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Obama says he became a Christian by choice

The president says he was drawn to Christianity by the precepts of Jesus Christ and the doctrine of salvation. His remarks come amid polls that show a growing number of Americans think he is Muslim.

September 29, 2010|By Christi Parsons and Peter Nicholas, Tribune Washington Bureau

Reporting from Albuquerque — President Obama said Tuesday that he is a "Christian by choice" and that his decision was influenced by gospel teachings about salvation and the importance of loving one another.

His mother and the grandparents who helped raised him weren't regular churchgoers, Obama told a group here. But he became a Christian later in life because of the religion's basic principles, he said.

"It was because the precepts of Jesus Christ spoke to me in terms of the kind of life that I would want to lead," Obama said. "Being my brother's and sister's keeper. Treating others as they would treat me."

Obama also spoke of the doctrine of salvation and of Jesus Christ "dying for my sins," a set of beliefs many Christians consider fundamental to the profession of faith.

The remarks came in response to a question from someone in the crowd who veered away from economics, the subject matter dominating the meeting.

The issue of Obama's religious beliefs is a popular subject of debate on cable talk shows and the Internet. Recent polling data suggest that a growing number of Americans think Obama is Muslim.

A national survey by the Pew Research Center in August found that nearly 1 in 5 Americans (18%) said Obama is a Muslim, up from 11% in March 2009. Only about a third of adults (34%) said Obama is a Christian, down from 48% in 2009. Fully 43% said they do not know what Obama's religion is.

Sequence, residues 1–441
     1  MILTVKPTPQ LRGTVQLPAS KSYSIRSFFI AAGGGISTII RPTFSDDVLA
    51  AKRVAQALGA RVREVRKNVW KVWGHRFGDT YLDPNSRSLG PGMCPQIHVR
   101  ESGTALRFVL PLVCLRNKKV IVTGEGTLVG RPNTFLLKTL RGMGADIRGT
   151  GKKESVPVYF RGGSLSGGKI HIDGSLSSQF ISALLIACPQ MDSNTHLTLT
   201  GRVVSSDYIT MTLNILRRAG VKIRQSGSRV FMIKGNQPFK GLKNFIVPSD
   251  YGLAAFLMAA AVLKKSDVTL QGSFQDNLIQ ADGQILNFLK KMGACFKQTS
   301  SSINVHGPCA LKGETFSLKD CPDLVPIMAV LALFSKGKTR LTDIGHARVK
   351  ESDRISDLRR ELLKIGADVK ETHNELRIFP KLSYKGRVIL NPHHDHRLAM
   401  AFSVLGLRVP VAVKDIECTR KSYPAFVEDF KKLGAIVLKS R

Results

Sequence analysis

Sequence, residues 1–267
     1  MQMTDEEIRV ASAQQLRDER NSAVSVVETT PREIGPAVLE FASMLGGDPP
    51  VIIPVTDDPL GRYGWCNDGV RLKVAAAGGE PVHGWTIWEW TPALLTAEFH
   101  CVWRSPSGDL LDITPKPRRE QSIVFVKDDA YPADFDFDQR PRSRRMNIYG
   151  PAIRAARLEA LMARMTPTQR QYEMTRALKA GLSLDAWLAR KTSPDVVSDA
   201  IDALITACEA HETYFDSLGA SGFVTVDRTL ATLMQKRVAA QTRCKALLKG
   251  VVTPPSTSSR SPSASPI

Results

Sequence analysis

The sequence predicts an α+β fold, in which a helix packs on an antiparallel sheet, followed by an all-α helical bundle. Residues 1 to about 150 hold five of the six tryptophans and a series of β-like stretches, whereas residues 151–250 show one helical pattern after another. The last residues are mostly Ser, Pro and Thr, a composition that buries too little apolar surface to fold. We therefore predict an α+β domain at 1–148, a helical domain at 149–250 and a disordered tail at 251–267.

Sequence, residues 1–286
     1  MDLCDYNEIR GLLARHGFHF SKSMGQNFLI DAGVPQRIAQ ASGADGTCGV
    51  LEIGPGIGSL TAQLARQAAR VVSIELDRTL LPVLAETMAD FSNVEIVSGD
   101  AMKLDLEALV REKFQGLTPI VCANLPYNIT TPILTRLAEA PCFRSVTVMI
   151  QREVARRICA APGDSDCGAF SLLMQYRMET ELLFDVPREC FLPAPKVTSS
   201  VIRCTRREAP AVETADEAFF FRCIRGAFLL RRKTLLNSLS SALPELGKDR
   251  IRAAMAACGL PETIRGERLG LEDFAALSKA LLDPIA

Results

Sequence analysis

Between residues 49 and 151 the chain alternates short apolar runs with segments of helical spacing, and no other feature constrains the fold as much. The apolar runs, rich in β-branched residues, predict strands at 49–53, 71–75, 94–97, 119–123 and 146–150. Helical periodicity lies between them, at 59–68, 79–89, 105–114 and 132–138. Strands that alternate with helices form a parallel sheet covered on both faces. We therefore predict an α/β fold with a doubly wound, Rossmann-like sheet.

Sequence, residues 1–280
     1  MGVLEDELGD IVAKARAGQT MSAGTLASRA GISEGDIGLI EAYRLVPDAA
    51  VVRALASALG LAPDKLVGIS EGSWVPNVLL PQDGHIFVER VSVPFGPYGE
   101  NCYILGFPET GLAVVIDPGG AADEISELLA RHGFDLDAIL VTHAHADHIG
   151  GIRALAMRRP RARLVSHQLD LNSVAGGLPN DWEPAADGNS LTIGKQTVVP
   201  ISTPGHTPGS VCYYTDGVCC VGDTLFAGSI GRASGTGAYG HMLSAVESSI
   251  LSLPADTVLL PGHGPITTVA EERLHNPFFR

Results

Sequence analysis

Until recently, the president had kept the subject of religion almost entirely private since he took office. But he weighed in forcefully to defend the right of a Muslim group to build a mosque and community center near the World Trade Center site, and one recent Sunday attended church near the White House with his family.

Obama's comments Tuesday constituted the most intimate personal accounting of his faith since he published a 1999 memoir.

"Understanding that Jesus Christ dying for my sins spoke to the humility we all have to have as human beings, that we're sinful and we're flawed, we make mistakes," Obama said. "And that we achieve salvation through the grace of God."

Although flawed, individuals can "still see God in other people" and help others to find "their own grace."

"So that's what I strive to do. That's what I pray to do every day," Obama said.

Meanwhile, Obama said in an interview released Tuesday that he's chosen progress on key priorities over ideological battles that may have motivated his party's base, and again urged Democrats to get off the sidelines in November.

In the interview with Rolling Stone, Obama lamented a "glass-half-empty" view he sees among fellow Democrats.

Defending his record as president, he said he's ended one of two wars he inherited and passed "historic" healthcare and regulatory reforms, plus "a huge number of legislative victories that people don't even notice."

"I keep in my pocket a checklist of the promises I made during the campaign, and here I am, halfway through my first term, and we've probably accomplished 70%" of them, he said.

cparsons@latimes.com

peter.nicholas@latimes.com

Michael A. Memoli of the Washington bureau contributed to this report.

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